making the reliability of these studies, especially in revision CTR patients, debatable. Since nerve conduction studies and ultrasound can remain abnormal after CTR, regardless of complaints, the diagnosis of recurrent and persistent CTS is difficult. Misdiagnosis of CTS may cause (revision) CTR to fail, which may influence the outcome of this study. However, our results are comparable to previous literature; thus, even if misdiagnosed patients are present in this cohort, this seems like something that cannot be prevented by a diagnostic workup. Sixth, although we tried to reduce differences in baseline characteristics between the groups using propensity score matching, we could not correct for residual confounding.
      Finally, research into recurrent CTS is limited because there is no unambiguous classification for recurrent CTS, and it is therefore difficult to make comparisons between studies. We have taken a complaint-free period of 6 months as a cut-off point, but it would perhaps be better to classify based on intraoperative findings if these are correctly described by the surgeon.
      In conclusion, we found that the outcome after revision CTR is only 16% worse than primary CTR. Our propensity score-matched analysis results indicate that worse baseline symptom severity, worse functional status, and preoperative demographics (age, sex, workload, dominant side treated, comorbidities, and the presence of CTS on both sides) may play a role in this difference. However, differences are relatively small and below the MCID. Revision CTR still offers a clinically and significant benefit in terms of function. Moreover, the complication rates for CTR are equal in primary and revision groups. All in all, this makes revision surgery a safe and effective treatment, also compared to primary surgery. These results can serve as a design for more accurate counseling of patients prior to surgery and provides new insights for future research. Future research should focus on the influence of pathophysiological changes after primary surgery on the outcome of revision CTR and investigate differences in psychological factors between patients undergoing primary and revision CTR.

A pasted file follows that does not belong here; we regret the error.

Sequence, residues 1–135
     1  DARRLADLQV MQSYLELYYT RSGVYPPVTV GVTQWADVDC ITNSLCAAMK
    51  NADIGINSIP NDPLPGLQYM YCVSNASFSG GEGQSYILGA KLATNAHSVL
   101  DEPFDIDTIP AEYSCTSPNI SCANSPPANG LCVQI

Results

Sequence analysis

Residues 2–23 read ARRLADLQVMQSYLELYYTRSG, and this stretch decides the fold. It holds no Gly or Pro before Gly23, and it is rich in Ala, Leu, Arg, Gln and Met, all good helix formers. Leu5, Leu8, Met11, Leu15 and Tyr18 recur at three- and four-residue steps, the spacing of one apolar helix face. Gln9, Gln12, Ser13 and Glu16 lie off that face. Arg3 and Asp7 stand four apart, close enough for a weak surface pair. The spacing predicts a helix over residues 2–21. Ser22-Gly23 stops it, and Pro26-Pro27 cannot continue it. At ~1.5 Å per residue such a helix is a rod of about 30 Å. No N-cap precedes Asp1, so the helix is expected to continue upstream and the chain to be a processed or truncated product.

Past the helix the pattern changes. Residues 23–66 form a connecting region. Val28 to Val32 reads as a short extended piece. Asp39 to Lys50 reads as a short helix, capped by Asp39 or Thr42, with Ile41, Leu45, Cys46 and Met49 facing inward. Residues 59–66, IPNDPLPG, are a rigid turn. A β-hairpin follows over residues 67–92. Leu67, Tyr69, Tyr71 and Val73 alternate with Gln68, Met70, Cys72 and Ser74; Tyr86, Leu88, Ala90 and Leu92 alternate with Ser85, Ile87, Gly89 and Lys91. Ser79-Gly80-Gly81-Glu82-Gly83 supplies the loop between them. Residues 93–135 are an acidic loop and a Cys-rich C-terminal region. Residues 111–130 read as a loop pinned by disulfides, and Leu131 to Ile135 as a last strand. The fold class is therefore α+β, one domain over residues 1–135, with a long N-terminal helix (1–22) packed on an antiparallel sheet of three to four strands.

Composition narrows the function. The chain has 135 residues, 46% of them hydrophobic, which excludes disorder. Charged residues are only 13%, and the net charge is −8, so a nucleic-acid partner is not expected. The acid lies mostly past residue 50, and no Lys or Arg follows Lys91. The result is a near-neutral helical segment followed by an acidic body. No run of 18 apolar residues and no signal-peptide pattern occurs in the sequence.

Funding

      The authors received no financial support for the research, authorship, and/or publication of this article.

      Ethical approval

      Ethical approval was obtained by the CMO of the Erasmus MC.

      Declaration of Conflicting interests

      The authors declare no potential conflicts of interest with respect to the research, authorship, and/or publication of this article.

      Acknowledgements

      The authors thank all patients who participated and allowed their data to be anonymously used for the present study. The collaborators of the Hand-Wrist Study Group are: RAM Blomme, BJR Sluijter, DJJC van der Avoort, A Kroeze, J Smit, J Debeij, ET Walbeehm, GM van Couwelaar, GM Vermeulen, JP de Schipper, JFM Temming, JH van Uchelen, HL de Boer, KP de Haas, K Harmsen, OT Zöphel, R Feitz, JS Souer, R Koch, SER Hovius, TM Moojen, X Smit, R van Huis, PY Pennehouat, K Schoneveld, YE van Kooij, RM Wouters, P Zagt, FJ van Ewijk, JJ Veltkamp, A Fink, WA de Ridder, HP Slijper, RW Selles, JT Porsius, J Tsehaie, R Poelstra, MC Jansen, MJW van der Oest, PO Sun, VJMM Schrier, L Hoogendam, JS Teunissen, Jak Dekker, M Jansen-Landheer, M ter Stege.

      Appendix. Supplementary materials